Daily Yonder: Due to pandemic, 2020 Census rural count has become even more challenging

By Donna Kallner Special to KyForward For most people, replying to the 2020 Census is surprisingly quick and easy. Except when it’s not. And rural areas are particularly prone to conditions that can hinder getting a complete and accurate count — things like limited high-speed internet access, addressing and mail delivery challenges, and resistance to perceived government nosiness. As if that isn’t...

UK to host virtual Corn and Soybean Field Day; two-day event to help producers set for July 21, July 28

By Katie Pratt University of Kentucky The University of Kentucky College of Agriculture, Food and Environment is hosting a virtual Corn and Soybean Field Day to help producers get the research-based information and continuing education they need in the midst of the COVID-19 pandemic. “These virtual field days help us fulfill our commitment of getting applied research and principles into the hands...

Blessings Farm in Walton is a health ministry, and their message is about physical and emotional health

By Maridith Yahl Special to KyForward Twenty years ago, Suzy Hoseus was extremely sick and felt she was close to having colon cancer. Around that time, she attended a conference called “You Don’t Have to be Sick.” She was not yet ready to make changes needed to have a healthy lifestyle, but she says a seed was planted. A few months later, “I woke up and I had blood in my stool and it really...

UK’s Heart-2-Heart campaign expands to agriculture to thank Kentucky farmers for tireless work

By Katie Pratt University of Kentucky They go to work bright and early every morning regardless of the day of the week or the weather conditions to help ensure Americans have the safest, freshest food supply in the world. To thank them for their tireless work, the University of Kentucky is expanding its Heart-2-Heart campaign to the state’s farmers. “Farmers are critical to Kentucky’s economy...

Kentucky Chamber launches statewide campaign to change stigma around substance use disorder

In an effort to help Kentuckians struggling with substance use disorder, assist businesses in developing recovery-friendly work environments, and engage Kentuckians interested in smart criminal justice reforms, the Kentucky Chamber of Commerce has announced the launch of “Kentucky Comeback,” a statewide initiative in partnership with the Chan Zuckerberg Initiative. The opioid epidemic has led to...

Kentucky Attorney General defends ‘Casey’s Law’ in court as necessary tool for fighting drug epidemic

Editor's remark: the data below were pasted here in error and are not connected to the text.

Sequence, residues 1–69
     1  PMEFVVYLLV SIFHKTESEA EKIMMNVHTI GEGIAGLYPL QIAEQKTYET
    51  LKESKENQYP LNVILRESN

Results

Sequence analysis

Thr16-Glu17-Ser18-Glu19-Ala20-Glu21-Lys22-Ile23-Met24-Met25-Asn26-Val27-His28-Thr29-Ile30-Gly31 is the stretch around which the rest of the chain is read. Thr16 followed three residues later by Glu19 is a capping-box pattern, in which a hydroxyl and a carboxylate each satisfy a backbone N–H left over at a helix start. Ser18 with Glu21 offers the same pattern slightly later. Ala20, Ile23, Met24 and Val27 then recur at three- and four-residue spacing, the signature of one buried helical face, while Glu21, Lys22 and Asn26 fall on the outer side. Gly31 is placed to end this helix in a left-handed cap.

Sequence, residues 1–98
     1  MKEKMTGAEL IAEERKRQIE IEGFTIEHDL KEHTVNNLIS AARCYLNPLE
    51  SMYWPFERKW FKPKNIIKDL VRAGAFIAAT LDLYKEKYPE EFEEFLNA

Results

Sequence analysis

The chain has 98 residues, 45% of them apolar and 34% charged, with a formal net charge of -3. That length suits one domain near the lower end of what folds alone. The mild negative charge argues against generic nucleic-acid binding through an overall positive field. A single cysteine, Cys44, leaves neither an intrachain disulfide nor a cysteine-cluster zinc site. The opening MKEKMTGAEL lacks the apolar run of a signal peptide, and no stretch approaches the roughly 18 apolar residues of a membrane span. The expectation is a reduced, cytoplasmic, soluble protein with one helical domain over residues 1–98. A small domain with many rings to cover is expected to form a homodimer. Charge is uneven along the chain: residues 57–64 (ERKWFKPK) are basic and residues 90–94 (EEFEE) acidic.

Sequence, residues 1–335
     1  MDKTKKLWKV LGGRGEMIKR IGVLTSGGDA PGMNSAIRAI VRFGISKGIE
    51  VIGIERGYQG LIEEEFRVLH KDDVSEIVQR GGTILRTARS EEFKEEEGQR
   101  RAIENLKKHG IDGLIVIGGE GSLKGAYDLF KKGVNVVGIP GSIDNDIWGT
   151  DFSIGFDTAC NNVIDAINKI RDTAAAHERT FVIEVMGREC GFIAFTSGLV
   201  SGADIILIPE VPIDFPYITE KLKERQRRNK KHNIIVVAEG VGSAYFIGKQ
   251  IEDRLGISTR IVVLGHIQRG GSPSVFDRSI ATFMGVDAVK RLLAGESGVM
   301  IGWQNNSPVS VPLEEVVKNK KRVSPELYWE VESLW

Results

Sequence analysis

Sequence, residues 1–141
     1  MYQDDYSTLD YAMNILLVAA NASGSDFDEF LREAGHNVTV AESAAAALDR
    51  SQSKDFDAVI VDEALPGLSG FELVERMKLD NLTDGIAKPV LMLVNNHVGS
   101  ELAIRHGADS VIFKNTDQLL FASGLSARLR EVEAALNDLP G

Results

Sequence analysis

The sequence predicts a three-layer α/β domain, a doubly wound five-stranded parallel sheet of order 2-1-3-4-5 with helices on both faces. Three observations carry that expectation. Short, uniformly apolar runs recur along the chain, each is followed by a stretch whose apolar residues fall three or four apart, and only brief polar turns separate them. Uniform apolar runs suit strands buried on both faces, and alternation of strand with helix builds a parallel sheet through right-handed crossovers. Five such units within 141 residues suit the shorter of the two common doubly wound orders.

In furthering his commitment to fighting the drug epidemic, Attorney General Daniel Cameron has announced his office is defending a Kentucky law used to combat drug addiction and help individuals suffering from substance use disorders receive treatment. The Matthew Casey Wethington Act for Substance Abuse Intervention, commonly known as “Casey’s Law,” allows family members and friends to secure...

Art Lander’s Outdoors: Non-native mussel, aquatic vegetation have become common in Kentucky waters

A non-native mussel and three species of non-native aquatic vegetation have become established in Kentucky’s major lakes. Zebra Mussels endanger native mussel populations and affect the food chain, water clarity and spawning substrate of native gamefish species. Zebra Mussels are present in Kentucky Lake, Lake Barkley, Dale Hollow Lake, Taylorsville Lake, Carr Creek Lake, Dewey Lake, and Fishtrap...

Daily Yonder: How Amy McGrath defeated Charles Booker in Democratic primary — by the numbers

By Tim Marema Editor, Daily Yonder Former Marine Corps pilot Amy McGrath took the Democratic nomination for U.S. Senate in Kentucky by winning in rural counties, small metropolitan areas, and the suburbs of the state’s two largest cities, Lexington and Louisville. McGrath defeated State Representative Charles Booker by 11,100 votes, which amounted to about 3 percentage points of the record-breaking...

Operation Dry Water in effect this weekend; conservation officers watching for impaired boaters

Conservation officers with the Kentucky Department of Fish and Wildlife Resources will join law enforcement agencies across the nation for Operation Dry Water during the July 4 holiday weekend. Operation Dry Water is a national campaign designed to educate the public about the danger of boating while impaired. Kentucky will increase its law enforcement presence around the state’s lakes and rivers...

Daily rounds of storms could carry severe weather, flood risks across large swath of U.S. this week

By Renee Duff AccuWeather meteorologist You don’t have to be directly struck by lightning. There are other ways you can get hit, which is why you should never underestimate a thunderstorm. A stagnant weather pattern has set up across the central and eastern United States, sparking daily rounds of showers and heavy thunderstorms into the start of July. The stormy conditions will not only bring hazards...